?Creative Financing Question

12 Replies

I’m looking at a property that seems like it will be an alright investment for me to buy and hold. The owner is looking for $170k and I can get $1900.00 a month in rent for it. The owner also has a second property that they are looking to sell and from what I can tell it’s very similar to the first. I’m told that the owner is VERY motivated. So here is what I’m thinking, and please let me know if it sounds like a bad idea, or add any comments that you would like:

I can finance one property using traditional financing, and I’ll even give him his asking price, if he is willing to owner finance the second property with terms that are favorable to me. This gives him the cash up front from the first property, gets him out of the properties, and allows me to pick up two properties when I otherwise would normally only be able to pick up one.

Will this work? How would you structure something like this? Do you need more details?

Thanks in advance!

Hi Jeff Sure it will work... Question: is there existing financing on the 2nd home

Also depends on whether it is turnkey or whether you have to put in a ton of cash to rehab or take care of a lot of deferred maintenance.  The price to rent is workable but tight unless you expect amazing appreciation

@Jeffrey Bradbury  how does the asking price compare to Fair Market Value?  Are you suggesting to pay full retail for the property?  The numbers you posted will negative cash flow on the first property and I have no idea why you would consider the second to try to recover from the first?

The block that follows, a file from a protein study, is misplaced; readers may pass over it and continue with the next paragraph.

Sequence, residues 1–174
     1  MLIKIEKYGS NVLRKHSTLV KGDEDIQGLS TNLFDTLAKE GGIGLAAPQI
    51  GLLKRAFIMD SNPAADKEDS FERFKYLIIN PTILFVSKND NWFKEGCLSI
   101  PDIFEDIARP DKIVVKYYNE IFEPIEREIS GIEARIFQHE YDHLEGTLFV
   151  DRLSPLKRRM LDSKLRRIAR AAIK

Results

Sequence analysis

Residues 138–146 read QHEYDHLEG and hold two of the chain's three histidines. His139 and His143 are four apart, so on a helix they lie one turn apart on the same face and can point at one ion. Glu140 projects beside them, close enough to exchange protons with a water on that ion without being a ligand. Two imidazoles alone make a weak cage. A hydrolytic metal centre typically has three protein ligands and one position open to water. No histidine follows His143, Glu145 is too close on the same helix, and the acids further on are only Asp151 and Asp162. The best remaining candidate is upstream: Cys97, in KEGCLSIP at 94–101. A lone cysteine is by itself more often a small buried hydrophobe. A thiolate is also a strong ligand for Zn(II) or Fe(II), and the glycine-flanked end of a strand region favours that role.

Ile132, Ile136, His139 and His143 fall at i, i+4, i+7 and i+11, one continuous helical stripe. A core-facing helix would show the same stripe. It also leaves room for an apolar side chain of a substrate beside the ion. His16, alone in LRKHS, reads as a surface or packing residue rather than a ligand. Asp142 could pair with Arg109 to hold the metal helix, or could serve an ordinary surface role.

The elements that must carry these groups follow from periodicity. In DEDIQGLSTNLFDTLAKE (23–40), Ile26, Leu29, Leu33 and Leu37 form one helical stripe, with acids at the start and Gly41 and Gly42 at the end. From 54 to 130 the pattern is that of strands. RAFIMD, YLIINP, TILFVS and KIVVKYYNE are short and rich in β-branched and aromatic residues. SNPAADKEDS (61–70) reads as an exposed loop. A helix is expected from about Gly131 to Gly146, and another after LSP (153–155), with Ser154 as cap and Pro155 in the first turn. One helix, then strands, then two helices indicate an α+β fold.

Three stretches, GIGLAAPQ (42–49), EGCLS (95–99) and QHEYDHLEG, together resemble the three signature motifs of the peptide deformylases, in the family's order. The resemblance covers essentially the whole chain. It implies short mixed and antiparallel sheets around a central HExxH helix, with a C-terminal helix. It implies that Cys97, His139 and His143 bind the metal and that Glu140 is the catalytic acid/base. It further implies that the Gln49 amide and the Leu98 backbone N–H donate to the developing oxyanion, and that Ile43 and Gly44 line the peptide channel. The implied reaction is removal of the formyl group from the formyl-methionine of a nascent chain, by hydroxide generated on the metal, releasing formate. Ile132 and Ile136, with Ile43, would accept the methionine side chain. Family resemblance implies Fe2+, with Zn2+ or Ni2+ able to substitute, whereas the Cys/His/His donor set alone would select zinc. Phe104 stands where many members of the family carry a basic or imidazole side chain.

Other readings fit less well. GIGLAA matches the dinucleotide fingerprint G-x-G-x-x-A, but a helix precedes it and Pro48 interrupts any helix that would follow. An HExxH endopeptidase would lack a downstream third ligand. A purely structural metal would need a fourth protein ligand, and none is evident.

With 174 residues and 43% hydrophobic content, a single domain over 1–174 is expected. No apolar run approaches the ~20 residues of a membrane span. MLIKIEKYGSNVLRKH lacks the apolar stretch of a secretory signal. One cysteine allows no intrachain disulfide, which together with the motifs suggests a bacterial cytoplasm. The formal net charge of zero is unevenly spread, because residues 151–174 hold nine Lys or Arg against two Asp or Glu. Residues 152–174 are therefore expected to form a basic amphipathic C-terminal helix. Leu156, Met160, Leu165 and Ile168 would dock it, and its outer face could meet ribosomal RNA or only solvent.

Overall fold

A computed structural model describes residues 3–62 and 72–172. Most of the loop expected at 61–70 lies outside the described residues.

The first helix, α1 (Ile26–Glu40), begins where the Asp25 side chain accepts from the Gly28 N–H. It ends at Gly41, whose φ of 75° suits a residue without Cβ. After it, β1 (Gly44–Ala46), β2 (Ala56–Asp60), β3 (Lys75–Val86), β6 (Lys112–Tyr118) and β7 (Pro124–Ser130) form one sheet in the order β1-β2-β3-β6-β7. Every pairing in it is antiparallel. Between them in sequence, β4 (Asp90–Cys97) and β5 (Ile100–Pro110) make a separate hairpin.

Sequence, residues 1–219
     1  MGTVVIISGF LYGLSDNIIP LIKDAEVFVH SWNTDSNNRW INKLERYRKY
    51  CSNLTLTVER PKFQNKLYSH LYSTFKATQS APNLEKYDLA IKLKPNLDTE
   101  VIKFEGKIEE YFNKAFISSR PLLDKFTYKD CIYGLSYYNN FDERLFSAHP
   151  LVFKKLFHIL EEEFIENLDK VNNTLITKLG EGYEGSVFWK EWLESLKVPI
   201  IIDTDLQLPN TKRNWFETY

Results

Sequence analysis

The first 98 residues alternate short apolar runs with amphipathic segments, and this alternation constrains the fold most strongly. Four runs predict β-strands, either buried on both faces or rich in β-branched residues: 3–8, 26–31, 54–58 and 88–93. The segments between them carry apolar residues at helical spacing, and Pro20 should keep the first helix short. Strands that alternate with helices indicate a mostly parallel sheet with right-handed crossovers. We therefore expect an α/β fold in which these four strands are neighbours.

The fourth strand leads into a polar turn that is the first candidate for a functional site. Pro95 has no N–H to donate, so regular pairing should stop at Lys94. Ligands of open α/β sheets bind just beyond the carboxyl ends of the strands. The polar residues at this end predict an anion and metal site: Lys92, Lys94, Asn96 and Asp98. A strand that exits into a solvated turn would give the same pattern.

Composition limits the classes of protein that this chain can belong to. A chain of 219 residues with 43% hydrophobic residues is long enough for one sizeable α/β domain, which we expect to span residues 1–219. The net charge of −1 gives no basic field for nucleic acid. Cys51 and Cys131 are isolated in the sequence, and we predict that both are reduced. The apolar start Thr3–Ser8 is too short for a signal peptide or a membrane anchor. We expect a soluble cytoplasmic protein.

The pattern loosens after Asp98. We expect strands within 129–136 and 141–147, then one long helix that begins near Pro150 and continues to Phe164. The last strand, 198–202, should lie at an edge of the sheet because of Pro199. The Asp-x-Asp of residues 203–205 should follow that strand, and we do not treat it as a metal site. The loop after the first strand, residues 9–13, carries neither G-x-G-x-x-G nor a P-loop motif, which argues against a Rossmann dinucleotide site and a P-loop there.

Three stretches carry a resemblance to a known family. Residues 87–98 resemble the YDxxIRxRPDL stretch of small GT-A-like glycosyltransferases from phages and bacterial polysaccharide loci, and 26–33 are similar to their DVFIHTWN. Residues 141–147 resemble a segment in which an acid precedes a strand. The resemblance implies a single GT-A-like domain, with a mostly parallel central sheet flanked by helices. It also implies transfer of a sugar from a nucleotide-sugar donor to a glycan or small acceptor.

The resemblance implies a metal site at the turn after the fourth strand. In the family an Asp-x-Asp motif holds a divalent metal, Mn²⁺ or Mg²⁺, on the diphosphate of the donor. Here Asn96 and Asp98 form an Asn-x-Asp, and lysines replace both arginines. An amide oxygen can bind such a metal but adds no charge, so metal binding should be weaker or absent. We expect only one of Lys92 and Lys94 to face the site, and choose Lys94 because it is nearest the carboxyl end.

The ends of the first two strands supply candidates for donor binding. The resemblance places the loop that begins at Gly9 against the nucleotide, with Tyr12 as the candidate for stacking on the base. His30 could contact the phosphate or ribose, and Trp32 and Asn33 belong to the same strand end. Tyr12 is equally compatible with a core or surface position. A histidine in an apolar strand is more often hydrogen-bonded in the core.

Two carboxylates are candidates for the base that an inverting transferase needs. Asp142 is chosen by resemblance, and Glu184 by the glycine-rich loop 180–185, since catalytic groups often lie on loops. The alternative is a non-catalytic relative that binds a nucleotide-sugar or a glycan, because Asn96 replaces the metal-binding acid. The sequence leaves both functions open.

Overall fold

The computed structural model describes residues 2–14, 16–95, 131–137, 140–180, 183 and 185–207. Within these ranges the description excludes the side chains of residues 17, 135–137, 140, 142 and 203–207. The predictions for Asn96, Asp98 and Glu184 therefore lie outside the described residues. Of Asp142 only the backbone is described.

Think more from a business perspective.  Buy low - sell high.  I know you want to buy/hold this property, but what is your plan B? If a life event happened tomorrow and you suddenly needed to change course and sell, then what?  You have no margin to recover your transaction costs (closing costs).

With the given information, I would have to call this a bad deal.

@Bill Jones  I'm not sure, I still have some digging to do.  I went out and looked at the property and that's when the selling agent told me that he had another property that he was trying to get rid of as well.  I'm going to assume he does though because that would add a layer of complexity to the situation.

@Andrew S.  I'm expecting very little appreciation because the area isn't great, the hope is that I will be able to bump the rents a little over the next few years, but I didn't think they looked horrible. I could be wrong though? I'm relatively new to this.  

The hope was to make up for it one the financing for the second property.  My thinking is that between the two I could make a decent profit.  I was going to walk away from the one because I wasn't excited about it, but then when I was told about the second property it got me thinking.  I'm only in a position to finance one using conventional financing, and the thought was that this would get me two ok properties.

OK Jeff get more info and I'll explain how to buy it creatively with little or nothing down your agent is going to want to get paid so maybe we can talk the seller into paying


Can you ascertain the " motivation" of the seller ? Is there a balloon payment due ? A divorce or medical issue ? It might help to understand the WHY behind the desire to sell.